Sunday, 1 November 2009

The deficit terrorists are getting uppity.

“Deficit terrorist” is a phrase used by Warren Mosler to describe someone who disapproves of deficits. DTs have been getting uppity in the last week or so.

Disapproval of a deficit is justified if it can be shown that the deficit concerned is likely to do harm – inflation being the usual “harm”. And certainly some deficits have been a disaster. The UK’s “Barber boom” around 1972 is a famous example: it lead to rampant inflation.

But to prove that a deficit is likely to be inflationary, one must give evidence that the deficit will result in excessive demand. And excessive demand means employers being incapable of meeting demand because of skilled labour shortages, etc. However, the DTs who have been vociferous recently have not only failed to demonstrate this. They don’t even seem to be aware that they need to shown this.

The DTs I have in mind are Stefan Karlsson (Oct 28th post) who endorses a Bloomberg article by Matthew Lynn. The main reasons given by the latter for withdrawing stimulus in the UK are thus.

1. The UK’s National Debt has expanded at an unsustainable rate and needs to be curbed.

Answer: The UK’s alleged National Debt increase is largely a myth – it’s a mirage because the apparent expansion in the National Debt in 2009 is approximately equal to the amount quantitatively eased.

I’ll expand on that. Governments borrow to spend. This involves, 1, cash moving from private sector to government, 2, gilts moving the other way, 3, government spending on usual items government spends money on. Quantitative easing involves reversing 1 & 2. Thus the only net effect is 3.

In short, the increase in the National Debt is largely money owed by the government to the Bank of England. As I pointed out under “200bn off the National Debt at a stroke!” below, this is a bit of a nonsense: it’s a bit like saying your left hand pocket owes your right hand pocket some money.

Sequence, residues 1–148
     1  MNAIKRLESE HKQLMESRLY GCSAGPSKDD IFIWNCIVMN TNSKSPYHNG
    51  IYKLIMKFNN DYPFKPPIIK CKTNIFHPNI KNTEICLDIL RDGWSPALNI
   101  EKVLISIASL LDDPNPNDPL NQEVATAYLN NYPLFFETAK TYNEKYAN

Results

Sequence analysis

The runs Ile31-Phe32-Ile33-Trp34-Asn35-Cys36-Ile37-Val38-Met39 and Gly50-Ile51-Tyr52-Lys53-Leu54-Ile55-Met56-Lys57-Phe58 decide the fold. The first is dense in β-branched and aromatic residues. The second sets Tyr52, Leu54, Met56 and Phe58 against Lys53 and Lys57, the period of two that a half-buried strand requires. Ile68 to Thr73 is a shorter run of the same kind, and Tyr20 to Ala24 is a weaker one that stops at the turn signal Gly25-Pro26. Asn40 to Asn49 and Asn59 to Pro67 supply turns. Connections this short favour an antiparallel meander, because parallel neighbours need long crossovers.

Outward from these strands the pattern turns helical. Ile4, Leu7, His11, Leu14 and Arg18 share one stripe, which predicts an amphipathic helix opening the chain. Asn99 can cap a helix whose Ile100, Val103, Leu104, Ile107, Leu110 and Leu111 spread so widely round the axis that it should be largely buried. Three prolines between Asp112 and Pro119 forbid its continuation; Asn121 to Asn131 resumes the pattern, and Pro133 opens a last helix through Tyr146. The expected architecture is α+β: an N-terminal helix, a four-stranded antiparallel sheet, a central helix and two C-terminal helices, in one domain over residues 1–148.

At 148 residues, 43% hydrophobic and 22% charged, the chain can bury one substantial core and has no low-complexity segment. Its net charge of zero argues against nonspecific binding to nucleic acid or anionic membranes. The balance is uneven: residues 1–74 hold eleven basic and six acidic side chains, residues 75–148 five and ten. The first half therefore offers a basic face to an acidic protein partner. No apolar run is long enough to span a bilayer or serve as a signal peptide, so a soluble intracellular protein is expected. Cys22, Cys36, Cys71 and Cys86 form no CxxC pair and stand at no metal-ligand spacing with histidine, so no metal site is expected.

This is not to deny the possibility that the money printed (at at least some of it) will have to be reined in. It probably will. Nor is this to deny that there is a structural element to the deficit. WHEN the economy recovers, and not before, this structural element will need to be dealt with.

Also, the UK’s debt has not increased in the most serious sense of the phrase, that is indebtedness to foreigners: far from it. Foreigners seem to have reduced their holding of UK National Debt in 2009.

2. Lynn claims the deficit hasn’t worked. Well that’s very hard to prove or disprove. He seems to be making this claim because the UK economy has’nt bounced back to health just yet. Well I would argue that the deficit HAS worked in that had it not been for the deficit, things would be far worse.

3. Lynn deplores the fall in the pound and claims the government should support the pound on the grounds that “A modern, advanced nation can’t devalue its way out of trouble. The idea that the U.K. is going to suddenly build lots of factories that compete with Eastern Europe and China on price is ridiculous. Britain can export plenty of things, but they are high-end, design and technology.....”